mesh->communicate(rho, p, v); // sends and receives rho, p and v
comm_handle ch = mesh->send(B);// only send B
ddt(rho) = ...
ddt(p) = ...
mesh->wait(ch); // now wait for B to arrive
ddt(v) = ...
ddt(B) = ...
return 0;
}
```

This scheme is not used in `mhd.cxx`

, partly for clarity, and partly
because currently communications are not a significant bottleneck (too
much inefficiency elsewhere!).

When a differential is calculated, points on neighbouring cells are assumed to be in the guard cells. There is no way to calculate the result of the differential in the guard cells, and so after every differential operator the values in the guard cells are invalid. Therefore, if you take the output of one differential operator and use it as input to another differential operator, you must perform communications (and set boundary conditions) first. See Differential operators.

#### Error handlingÂ¶

Finding where bugs have occurred in a (fairly large) parallel code is a difficult problem. This is more of a concern for developers of BOUT++ (see the developers manual), but it is still useful for the user to be able to hunt down bug in their own code, or help narrow down where a bug could be occurring.

If you have a bug which is easily reproduceable i.e. it occurs almost
immediately every time you run the code, then the easiest way to hunt
down the bug is to insert lots of `output.write`

statements (see
Logging output). Things get harder when a bug only occurs after a
long time of running, and/or only occasionally. For this type of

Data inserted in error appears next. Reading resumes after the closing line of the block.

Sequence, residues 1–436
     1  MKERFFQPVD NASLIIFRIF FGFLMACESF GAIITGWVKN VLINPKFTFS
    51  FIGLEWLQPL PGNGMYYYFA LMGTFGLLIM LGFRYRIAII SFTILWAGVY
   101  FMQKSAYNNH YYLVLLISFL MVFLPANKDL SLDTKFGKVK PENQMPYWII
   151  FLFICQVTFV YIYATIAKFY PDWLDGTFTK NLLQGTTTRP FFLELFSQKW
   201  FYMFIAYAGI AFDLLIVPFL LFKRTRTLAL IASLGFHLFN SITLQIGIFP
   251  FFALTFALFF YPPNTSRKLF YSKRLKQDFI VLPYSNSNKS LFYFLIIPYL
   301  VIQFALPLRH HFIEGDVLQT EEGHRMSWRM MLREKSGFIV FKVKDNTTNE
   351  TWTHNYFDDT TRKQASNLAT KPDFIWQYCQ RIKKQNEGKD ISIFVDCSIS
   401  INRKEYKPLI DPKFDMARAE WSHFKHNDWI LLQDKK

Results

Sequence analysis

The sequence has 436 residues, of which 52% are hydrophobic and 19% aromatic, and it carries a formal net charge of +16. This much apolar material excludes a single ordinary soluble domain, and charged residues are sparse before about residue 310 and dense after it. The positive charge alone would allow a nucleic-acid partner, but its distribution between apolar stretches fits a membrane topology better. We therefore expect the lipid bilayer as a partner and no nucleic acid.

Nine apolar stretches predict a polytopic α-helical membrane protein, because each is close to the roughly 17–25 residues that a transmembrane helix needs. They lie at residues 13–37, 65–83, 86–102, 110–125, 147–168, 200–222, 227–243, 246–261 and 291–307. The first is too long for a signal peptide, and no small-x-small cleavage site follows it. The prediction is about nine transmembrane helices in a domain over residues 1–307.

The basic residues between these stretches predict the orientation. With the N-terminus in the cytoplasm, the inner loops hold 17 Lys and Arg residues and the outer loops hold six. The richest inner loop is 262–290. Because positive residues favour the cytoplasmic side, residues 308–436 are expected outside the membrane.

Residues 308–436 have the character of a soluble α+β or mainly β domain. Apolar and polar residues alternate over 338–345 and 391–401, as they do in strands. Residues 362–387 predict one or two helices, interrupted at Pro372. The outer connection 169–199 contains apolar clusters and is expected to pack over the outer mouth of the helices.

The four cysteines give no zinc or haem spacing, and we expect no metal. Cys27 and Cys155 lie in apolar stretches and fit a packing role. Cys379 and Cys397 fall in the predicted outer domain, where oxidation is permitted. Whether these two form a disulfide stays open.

problem, a useful tool can be the message stack. An easy way to use
this message stack is to use the `TRACE`

macro:

```
{
TRACE("Some message here"); // message pushed
} // Scope ends, message popped
```

This will push the message, then pop the message when the current
scope ends (except when an exception occurs). The error message will
also have the file name and line number appended, to help find where
an error occurred. The run-time overhead of this should be small, but
can be removed entirely if the compile-time flag `-DCHECK`

is not
defined or set to `0`

. This turns off checking, and `TRACE`

becomes an empty macro. It is possible to use standard `printf`

like formatting with the trace macro, for example:

```
{
TRACE("The value of i is %d and this is an arbitrary %s", i, "string"); // message pushed
} // Scope ends, message popped
```

In the `mhd.cxx`

example each part of the `rhs`

function is
traceâ€™d. If an error occurs then at least the equation where it
happened will be printed:

```
{
TRACE("ddt(rho)");
ddt(rho) = -V_dot_Grad(v, rho) - rho*Div(v);
}
```

#### Boundary conditionsÂ¶